Python: Common Newbie Mistakes, Part 1

This post is a few years old now, so some details (or my opinions) might be out of date.
I would still love to hear your feedback in the comments below. Enjoy!

In the past few months I’ve been helping some people who are new to Python to get to know the language. I found that there are some pitfalls that almost everyone meet when they’re new to the language, so I decided to share my advice with you. Each part of this series will focus on a different common mistake, describe what causes it and offer a solution.

Using a Mutable Value as a Default Value

This one definitely deserves its place at the top of the list. Not only is the reason for this “bug” subtle, it’s also very hard to debug. Consider the following snippet1:

def foo(numbers=[]):
    print numbers

So we take a list (defaults to an empty list), add 9 to it and print it.

>>> foo()
>>> foo(numbers=[1,2])
[1, 2, 9]
>>> foo(numbers=[1,2,3])
[1, 2, 3, 9]

Seems good, right? Except this is what happens when we call foo without numbers:

>>> foo() # first time, like before
>>> foo() # second time
[9, 9]
>>> foo() # third time...
[9, 9, 9]
[9, 9, 9, 9]

So what’s happening here? Our instincts tell us that whenever we call foo without numbers, then numbers will be assigned with an empty list. This is wrong. Default values for functions in Python are instantiated when the function is defined, not when it’s called.

Still, you’d ask, why isn’t the same pre-calculated value reassigned every time I call the function? Well, every time you specify a default value for a function, Python stores that value. If you call the function and override that default, the stored value is not used. When you don’t override it (like in our example), Python makes the name you defined (numbers, in our case) reference the stored value. It does not copy the stored value to your variable. This may be a difficult concept for beginners, so imagine that instead of two distinct variables (one - the internal, initial default value and the other - the current, local variable), what we have in fact is two names that allow us to interact with the same value. So whenever numbers changes, it also changes Python’s memory of what the initial value is.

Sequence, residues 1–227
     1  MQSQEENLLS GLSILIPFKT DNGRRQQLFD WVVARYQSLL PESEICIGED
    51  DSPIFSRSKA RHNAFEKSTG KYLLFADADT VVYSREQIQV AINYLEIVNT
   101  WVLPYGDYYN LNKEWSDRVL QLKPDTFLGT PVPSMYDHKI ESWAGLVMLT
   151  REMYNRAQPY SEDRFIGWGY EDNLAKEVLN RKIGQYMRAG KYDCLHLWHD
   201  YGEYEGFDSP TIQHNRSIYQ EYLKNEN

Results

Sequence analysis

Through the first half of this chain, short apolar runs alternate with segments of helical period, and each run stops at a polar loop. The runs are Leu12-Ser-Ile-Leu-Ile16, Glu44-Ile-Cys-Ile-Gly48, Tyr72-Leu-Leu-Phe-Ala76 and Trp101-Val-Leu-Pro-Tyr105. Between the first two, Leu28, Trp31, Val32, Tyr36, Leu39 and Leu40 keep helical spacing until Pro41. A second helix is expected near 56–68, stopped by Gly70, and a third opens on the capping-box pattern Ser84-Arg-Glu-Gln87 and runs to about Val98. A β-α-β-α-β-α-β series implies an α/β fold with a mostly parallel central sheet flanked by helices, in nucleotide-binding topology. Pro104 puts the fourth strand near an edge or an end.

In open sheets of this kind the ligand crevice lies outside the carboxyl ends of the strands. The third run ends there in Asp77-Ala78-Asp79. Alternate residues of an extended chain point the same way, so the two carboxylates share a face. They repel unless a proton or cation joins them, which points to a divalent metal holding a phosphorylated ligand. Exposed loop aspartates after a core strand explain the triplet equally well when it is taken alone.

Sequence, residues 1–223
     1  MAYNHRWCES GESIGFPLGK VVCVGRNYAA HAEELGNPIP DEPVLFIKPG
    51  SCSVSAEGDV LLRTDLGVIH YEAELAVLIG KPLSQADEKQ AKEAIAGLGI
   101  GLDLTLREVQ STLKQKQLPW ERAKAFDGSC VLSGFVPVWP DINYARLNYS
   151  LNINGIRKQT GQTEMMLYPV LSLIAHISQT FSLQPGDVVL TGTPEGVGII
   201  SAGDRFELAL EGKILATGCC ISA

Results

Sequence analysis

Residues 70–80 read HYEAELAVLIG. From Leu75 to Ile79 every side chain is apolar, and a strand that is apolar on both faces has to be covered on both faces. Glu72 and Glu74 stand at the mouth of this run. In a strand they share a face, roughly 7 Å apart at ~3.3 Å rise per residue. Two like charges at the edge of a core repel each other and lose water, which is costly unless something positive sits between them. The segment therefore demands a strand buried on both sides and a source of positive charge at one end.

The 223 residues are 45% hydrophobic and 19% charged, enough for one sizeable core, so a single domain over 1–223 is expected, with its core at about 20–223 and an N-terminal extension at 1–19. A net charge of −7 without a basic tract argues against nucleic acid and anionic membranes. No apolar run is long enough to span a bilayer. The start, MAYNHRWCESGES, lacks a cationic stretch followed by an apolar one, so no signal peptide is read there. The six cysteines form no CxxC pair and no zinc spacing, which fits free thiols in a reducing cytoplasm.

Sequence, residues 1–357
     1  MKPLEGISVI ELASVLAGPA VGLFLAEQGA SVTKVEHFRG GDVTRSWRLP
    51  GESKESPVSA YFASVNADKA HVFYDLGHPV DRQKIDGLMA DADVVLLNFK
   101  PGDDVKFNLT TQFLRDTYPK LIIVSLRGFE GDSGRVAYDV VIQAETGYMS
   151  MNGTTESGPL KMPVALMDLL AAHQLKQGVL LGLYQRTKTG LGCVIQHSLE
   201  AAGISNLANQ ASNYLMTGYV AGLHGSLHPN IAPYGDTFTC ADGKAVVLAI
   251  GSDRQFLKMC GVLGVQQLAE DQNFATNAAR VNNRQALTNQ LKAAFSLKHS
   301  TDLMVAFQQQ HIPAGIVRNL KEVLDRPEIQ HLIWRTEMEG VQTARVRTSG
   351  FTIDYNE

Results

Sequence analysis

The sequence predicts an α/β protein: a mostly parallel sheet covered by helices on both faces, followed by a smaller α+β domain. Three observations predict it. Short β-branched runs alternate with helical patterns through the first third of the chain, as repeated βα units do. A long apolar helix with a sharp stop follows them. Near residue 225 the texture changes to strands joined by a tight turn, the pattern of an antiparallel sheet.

The solution here is this2:

def foo(numbers=None):
    if numbers is None:
        numbers = []
    print numbers

More often than not, when people hear about this, they ask how come other default values do work as expected. Consider this:

def foo(count=0):
    count += 1
    print count

When we run it, it works percisely as expected:

>>> foo()
>>> foo()
>>> foo(2)
>>> foo(3)
>>> foo()

Why is that? The “secret” here is not in the default value assignment, but in the value itself. An integer is an immutable type. While, like the empty list, it is executed in the definition of the function, it cannot be changed. When we do count += 1 we do not change the original value of count. We simply make the name count point to a different value. However, when we do numbers.append(9) we do change the original list. Hence, the confusion.

There is another variety of this same problem when you try to call a function as the default value:

def print_now(now=time.time()):
    print now

As before, while the value of time.time() is immutable, it is calculated only when the function is defined, so it’ll always return the same time - the time when the function code was parsed by Python:

>>> print_now()
>>> print_now()
>>> print_now()

Read the rest of the series:

  1. This problem and its solution are relevant in both Python 2.x and 3.x, with the sole difference that with Python 3.x, the print statements should be function calls (e.g., print(numbers)). ↩︎

  2. You’ll notice that I used if numbers is None in the solution and not if not numbers. This is another common mistake which I already dedicated a post to, and you can find it here ↩︎

Discuss this post at the comment section below.
Follow me on Twitter and Facebook

Similar Posts